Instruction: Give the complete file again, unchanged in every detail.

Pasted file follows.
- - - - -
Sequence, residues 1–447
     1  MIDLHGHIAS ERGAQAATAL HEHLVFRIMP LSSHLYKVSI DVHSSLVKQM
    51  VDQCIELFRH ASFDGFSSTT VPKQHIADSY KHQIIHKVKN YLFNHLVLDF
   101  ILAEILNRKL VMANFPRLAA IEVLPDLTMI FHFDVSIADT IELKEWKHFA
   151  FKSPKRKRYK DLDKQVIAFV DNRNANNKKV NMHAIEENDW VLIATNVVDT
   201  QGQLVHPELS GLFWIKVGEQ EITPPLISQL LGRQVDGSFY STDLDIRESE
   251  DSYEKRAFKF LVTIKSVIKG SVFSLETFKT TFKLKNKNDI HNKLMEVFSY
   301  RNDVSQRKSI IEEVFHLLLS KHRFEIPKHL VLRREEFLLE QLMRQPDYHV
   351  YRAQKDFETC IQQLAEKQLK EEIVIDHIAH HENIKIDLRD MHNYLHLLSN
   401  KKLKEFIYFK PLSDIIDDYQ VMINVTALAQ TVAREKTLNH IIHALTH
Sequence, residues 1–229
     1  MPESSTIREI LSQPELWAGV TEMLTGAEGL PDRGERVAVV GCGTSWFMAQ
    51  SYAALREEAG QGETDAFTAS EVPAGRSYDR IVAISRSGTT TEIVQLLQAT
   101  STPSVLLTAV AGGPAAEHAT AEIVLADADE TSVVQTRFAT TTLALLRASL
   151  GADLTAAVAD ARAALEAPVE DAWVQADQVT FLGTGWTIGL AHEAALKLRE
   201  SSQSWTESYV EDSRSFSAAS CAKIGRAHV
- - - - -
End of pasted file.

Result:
Sequence, residues 1–447
     1  MIDLHGHIAS ERGAQAATAL HEHLVFRIMP LSSHLYKVSI DVHSSLVKQM
    51  VDQCIELFRH ASFDGFSSTT VPKQHIADSY KHQIIHKVKN YLFNHLVLDF
   101  ILAEILNRKL VMANFPRLAA IEVLPDLTMI FHFDVSIADT IELKEWKHFA
   151  FKSPKRKRYK DLDKQVIAFV DNRNANNKKV NMHAIEENDW VLIATNVVDT
   201  QGQLVHPELS GLFWIKVGEQ EITPPLISQL LGRQVDGSFY STDLDIRESE
   251  DSYEKRAFKF LVTIKSVIKG SVFSLETFKT TFKLKNKNDI HNKLMEVFSY
   301  RNDVSQRKSI IEEVFHLLLS KHRFEIPKHL VLRREEFLLE QLMRQPDYHV
   351  YRAQKDFETC IQQLAEKQLK EEIVIDHIAH HENIKIDLRD MHNYLHLLSN
   401  KKLKEFIYFK PLSDIIDDYQ VMINVTALAQ TVAREKTLNH IIHALTH
Sequence, residues 1–229
     1  MPESSTIREI LSQPELWAGV TEMLTGAEGL PDRGERVAVV GCGTSWFMAQ
    51  SYAALREEAG QGETDAFTAS EVPAGRSYDR IVAISRSGTT TEIVQLLQAT
   101  STPSVLLTAV AGGPAAEHAT AEIVLADADE TSVVQTRFAT TTLALLRASL
   151  GADLTAAVAD ARAALEAPVE DAWVQADQVT FLGTGWTIGL AHEAALKLRE
   201  SSQSWTESYV EDSRSFSAAS CAKIGRAHV